SPARTA DISTRICT: The Sparta district is between lat 44036' and 44057' N. and long 117002' and 11723' W. Although placer deposits were known in the area at an early date, it was not until 1873, when the Sparta ditch was completed, that enough water was available to exploit the gravel-filled gulches which yielded about $157,000 in gold before 1900. Quartz veins were discovered a few years after the discovery of the placers, and from 1889 to 1892 they yielded $677,000 in gold. Shortly thereafter the district declined rapidly, and from 1952 through 1959 it was idle. Total production from the district through 1959 was about 35,200 ounces of lode gold and about 7,700 ounces of placer gold.

SUMPTER DISTRICT: The Sumpter district, between lat 44037' and 4448' N. and long 11800' and 118018' W., is predominantly a placer district, but there has been a small gold production from quartz veins that cut argillite. Placer deposits were discovered here in 1862, and production was almost continuous until 1955. Records of production before 1932 have not been found, but from 1932 through 1955 the district produced 129,004 ounces of placer gold and 2,206 ounces of lode gold. No production was reported from 1955 through 1959.

UPPER BURNT RIVER DISTRICT: The Upper Burnt River district, which includes Bridgeport, Bull Run, Unity, and Hereford, is in southern Baker County, between lat 44015' and 4436' N. and long 117035' and 11820' W. It is a large district and includes many localities that have produced small amounts of both placer and lode gold. Early production data are scant, but apparently some placers were worked before 1900. Total gold production through 1959 was about 9,300 ounces from all sources.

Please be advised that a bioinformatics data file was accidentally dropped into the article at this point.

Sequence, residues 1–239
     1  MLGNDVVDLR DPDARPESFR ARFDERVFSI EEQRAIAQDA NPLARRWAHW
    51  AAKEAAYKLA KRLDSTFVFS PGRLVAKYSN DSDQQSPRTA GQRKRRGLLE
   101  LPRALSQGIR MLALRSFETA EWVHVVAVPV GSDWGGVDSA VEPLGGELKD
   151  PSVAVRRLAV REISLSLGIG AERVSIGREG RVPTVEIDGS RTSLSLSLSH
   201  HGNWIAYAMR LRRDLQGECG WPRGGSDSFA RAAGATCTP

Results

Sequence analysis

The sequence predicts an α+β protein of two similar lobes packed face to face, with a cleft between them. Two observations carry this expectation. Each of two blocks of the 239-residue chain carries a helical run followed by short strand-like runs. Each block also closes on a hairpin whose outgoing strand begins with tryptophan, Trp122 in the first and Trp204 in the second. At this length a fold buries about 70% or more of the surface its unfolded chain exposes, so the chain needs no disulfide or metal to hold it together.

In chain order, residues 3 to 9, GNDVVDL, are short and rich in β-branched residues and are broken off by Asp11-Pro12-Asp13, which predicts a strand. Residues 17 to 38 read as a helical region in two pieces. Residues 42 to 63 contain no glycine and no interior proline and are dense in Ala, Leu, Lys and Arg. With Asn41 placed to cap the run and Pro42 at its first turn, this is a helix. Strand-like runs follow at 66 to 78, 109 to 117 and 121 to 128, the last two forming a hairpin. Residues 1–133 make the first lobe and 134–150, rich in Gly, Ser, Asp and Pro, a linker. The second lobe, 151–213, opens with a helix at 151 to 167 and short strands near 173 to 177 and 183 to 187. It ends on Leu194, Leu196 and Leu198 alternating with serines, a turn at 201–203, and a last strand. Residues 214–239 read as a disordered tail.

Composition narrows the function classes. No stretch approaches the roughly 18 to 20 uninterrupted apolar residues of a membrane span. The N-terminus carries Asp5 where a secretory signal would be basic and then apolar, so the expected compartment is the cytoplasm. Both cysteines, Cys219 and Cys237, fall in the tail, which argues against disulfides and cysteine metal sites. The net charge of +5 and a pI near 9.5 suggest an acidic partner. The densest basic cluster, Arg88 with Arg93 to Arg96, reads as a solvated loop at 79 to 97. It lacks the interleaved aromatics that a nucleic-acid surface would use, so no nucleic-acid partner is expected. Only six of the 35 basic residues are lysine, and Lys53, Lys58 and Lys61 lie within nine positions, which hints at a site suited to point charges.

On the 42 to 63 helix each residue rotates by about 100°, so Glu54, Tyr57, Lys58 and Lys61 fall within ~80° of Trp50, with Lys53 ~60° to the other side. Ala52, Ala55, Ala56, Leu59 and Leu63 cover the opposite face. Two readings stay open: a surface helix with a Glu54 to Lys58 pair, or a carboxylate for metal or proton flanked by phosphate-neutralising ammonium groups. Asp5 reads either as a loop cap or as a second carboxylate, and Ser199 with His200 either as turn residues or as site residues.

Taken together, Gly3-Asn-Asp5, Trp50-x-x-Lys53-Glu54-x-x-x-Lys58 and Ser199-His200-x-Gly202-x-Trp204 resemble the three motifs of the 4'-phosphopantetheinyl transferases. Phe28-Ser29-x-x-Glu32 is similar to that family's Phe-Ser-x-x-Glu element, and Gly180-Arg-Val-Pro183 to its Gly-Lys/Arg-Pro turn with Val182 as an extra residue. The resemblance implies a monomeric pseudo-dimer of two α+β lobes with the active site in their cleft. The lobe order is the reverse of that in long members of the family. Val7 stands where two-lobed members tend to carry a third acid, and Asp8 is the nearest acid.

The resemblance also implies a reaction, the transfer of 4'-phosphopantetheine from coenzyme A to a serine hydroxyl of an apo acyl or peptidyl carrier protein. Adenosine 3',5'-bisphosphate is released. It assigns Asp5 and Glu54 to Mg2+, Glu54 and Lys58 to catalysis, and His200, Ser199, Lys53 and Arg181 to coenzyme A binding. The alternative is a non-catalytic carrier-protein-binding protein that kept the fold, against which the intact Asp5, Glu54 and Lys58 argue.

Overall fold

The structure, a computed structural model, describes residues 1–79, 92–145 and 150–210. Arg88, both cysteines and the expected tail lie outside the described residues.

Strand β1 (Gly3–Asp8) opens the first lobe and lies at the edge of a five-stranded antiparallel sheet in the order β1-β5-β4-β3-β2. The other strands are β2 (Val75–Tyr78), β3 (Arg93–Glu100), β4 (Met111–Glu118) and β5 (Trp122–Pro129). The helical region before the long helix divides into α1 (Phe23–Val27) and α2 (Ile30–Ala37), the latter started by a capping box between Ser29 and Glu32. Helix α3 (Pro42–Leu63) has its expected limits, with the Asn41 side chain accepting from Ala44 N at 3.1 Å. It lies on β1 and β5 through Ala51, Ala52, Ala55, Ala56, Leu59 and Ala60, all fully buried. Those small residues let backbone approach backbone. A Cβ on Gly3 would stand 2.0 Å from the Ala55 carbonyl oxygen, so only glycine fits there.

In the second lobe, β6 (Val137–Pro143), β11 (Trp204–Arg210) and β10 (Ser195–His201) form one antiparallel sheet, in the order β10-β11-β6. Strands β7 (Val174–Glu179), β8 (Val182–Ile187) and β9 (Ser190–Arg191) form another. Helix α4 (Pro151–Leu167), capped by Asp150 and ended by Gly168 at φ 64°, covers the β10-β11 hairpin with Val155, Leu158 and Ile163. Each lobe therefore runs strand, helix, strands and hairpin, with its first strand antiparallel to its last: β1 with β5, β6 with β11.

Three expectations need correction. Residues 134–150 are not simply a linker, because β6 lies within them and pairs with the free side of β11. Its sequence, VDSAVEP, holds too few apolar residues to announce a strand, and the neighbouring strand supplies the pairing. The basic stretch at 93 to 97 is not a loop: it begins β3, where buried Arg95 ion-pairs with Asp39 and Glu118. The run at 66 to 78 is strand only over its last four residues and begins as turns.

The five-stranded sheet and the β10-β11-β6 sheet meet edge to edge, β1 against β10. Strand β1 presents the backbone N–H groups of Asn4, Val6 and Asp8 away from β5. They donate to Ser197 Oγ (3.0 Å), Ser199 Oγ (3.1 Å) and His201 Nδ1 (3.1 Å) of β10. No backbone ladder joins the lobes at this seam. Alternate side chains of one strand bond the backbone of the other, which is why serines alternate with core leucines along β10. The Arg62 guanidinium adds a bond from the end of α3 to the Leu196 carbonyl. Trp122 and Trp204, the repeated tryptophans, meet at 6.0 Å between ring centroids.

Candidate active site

VIRTUE DISTRICT: The Virtue district is between lat 44043' and 44057' N. and long 117022' and 117045' W. This is predominantly a lode district; placer operations consisted of small-scale diggings in some of the gulches below the veins. The Virtue mine, discovered in 1862, was one of the largest gold producers in eastern Oregon. Other mines in the district that have produced significant quantities of gold are the Brazos, Flagstaff, Hidden Treasure, and White Swan. The latest production reported from the district was in 1956. Early production of the district was about $2,500,000 in gold (about 121,000 ounces); about $2,200,000 came from the Virtue mine, which had its best years before 1900. Yearly production data for the district go back only to 1935. The total for the period 1935 through 1957 was 4,837 ounces from lode mines and 288 ounces from placers. Total gold production for the district through 1959 was about 126,000 ounces.